I'm not an expert, and I have one blank space in my answer, hope someone might fill it in. $FBPP$ is the class of search problems $R = (B_x)_{x\in\{0,1\}^*}$ for which there exists a probabilistic polynomial-time algorithm $A$ that, given $\langle x, 0^ {1/\varepsilon}\rangle$ as input, produces an output $y$ such that $Pr [y \in B_x] ≥ 1 − \varepsilon$,...

2

The complement (note spelling) of $\mathrm{SAT}$ is the set of all binary strings that do not encode a satisfiable Boolean formula. That is all strings that encode unsatisfiable formulas, and also any strings that don't encode any formula at all. In practice, we tend to ignore strings that don't encode a valid input to the problem. For any sane encoding, ...

2

Yes. Every computation problem can be viewed as computing a function $f:\{0,1\}^ \to \{0,1\}^*$: on input $x$, the algorithm outputs $f(x)$. Here is a corresponding decision problem: given $x$ and $i$, determine whether the $i$th bit of $f(x)$ is 1. If you can solve that decision problem, you can solve the original computation problem. (Strictly speaking,...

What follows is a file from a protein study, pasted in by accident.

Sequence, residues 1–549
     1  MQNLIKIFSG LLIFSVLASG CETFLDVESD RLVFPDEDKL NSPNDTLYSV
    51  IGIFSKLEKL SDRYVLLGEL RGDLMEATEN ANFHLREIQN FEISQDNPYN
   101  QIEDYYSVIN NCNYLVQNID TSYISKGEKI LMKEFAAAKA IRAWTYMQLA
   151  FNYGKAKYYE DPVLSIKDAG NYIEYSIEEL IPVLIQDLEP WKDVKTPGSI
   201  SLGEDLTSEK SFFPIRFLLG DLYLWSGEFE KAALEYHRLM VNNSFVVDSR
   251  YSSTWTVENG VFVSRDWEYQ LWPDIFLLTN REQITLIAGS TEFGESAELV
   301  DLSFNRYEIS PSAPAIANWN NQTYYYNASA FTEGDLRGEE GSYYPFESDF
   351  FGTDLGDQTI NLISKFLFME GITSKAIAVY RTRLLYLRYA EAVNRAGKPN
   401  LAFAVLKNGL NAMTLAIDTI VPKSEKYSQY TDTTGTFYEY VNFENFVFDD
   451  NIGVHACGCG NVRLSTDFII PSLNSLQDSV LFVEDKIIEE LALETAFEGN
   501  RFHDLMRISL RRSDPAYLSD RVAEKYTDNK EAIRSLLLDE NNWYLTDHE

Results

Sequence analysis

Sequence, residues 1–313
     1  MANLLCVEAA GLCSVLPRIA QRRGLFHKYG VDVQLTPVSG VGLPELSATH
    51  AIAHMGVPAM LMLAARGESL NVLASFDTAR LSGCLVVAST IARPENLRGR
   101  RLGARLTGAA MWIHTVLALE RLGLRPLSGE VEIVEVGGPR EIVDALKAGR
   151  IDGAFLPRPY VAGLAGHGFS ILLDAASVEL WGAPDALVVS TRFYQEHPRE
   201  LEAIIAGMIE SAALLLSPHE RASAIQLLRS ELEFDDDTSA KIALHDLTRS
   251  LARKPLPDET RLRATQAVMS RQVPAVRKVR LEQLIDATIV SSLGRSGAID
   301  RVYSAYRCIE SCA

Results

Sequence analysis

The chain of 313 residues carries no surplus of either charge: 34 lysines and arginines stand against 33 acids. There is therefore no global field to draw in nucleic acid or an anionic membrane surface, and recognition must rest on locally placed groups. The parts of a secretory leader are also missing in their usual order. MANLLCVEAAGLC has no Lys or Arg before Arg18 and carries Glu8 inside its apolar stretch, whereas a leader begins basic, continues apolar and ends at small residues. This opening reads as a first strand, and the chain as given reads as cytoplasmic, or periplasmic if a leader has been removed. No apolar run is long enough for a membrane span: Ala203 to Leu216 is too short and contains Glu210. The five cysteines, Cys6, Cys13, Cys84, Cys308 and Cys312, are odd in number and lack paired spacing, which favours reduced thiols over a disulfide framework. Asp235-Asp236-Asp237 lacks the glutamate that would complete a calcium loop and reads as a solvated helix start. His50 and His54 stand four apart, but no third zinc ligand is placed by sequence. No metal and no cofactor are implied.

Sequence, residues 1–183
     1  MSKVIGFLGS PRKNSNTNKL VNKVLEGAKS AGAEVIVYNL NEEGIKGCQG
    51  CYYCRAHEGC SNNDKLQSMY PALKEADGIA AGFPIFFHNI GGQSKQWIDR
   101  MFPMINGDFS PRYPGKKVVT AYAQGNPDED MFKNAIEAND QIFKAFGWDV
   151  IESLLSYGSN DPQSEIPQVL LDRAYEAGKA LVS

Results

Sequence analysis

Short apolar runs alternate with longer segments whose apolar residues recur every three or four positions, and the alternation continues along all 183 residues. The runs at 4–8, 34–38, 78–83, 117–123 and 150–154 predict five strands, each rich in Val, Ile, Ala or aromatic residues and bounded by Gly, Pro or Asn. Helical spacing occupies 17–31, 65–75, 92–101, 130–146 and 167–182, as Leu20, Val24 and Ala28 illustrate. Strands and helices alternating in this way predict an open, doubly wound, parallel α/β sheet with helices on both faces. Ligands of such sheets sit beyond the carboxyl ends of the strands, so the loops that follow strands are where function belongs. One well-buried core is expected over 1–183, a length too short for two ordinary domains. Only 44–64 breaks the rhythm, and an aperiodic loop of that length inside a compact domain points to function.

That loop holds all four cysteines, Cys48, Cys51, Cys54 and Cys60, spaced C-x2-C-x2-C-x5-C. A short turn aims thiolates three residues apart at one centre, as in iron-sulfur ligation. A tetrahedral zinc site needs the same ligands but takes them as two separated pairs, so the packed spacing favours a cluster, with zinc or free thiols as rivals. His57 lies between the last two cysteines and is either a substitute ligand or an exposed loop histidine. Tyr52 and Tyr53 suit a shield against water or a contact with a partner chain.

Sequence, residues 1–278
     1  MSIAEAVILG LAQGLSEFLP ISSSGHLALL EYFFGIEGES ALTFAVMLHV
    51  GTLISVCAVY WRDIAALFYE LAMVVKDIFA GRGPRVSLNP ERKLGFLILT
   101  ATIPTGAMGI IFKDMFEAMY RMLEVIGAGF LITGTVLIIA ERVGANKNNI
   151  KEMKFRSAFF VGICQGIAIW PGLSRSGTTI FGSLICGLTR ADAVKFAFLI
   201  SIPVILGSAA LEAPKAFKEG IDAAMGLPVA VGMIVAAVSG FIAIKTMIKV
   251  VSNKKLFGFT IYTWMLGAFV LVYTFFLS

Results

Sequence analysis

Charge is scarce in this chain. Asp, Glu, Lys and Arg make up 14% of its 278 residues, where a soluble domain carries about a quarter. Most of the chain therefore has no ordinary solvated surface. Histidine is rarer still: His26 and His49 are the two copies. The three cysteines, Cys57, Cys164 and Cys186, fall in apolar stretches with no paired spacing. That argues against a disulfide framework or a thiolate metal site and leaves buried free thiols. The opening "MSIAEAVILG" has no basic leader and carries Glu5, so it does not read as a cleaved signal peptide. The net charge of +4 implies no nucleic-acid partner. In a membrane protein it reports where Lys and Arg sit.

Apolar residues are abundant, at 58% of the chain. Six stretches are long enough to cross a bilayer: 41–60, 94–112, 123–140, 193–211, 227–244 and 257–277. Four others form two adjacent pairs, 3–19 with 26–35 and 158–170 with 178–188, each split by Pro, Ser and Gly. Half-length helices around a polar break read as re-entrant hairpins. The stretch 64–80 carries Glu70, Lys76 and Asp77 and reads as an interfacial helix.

2

Disclaimer This solution assumes that the language $\text{Acyclic}$ is the language that contains exactly all acyclic directed graphs. It is impossible to achieve this in polynomial time unless $\operatorname{P}=\operatorname{NP}$. The reason is that the problem you have to solve is NP-hard. It is called the directed feedback arc set problem. It is one of ...

2

In short, the greedy algorithm works, where in each step you find the largest number in $A$ and subtract it from $b$. If $b$ becomes zero, you get a solution. If you reach a point where all numbers in $A$ are greater than $b$ output no. In the following I list a formal description of the algorithm and a proof of correctness. Here is a formal description of ...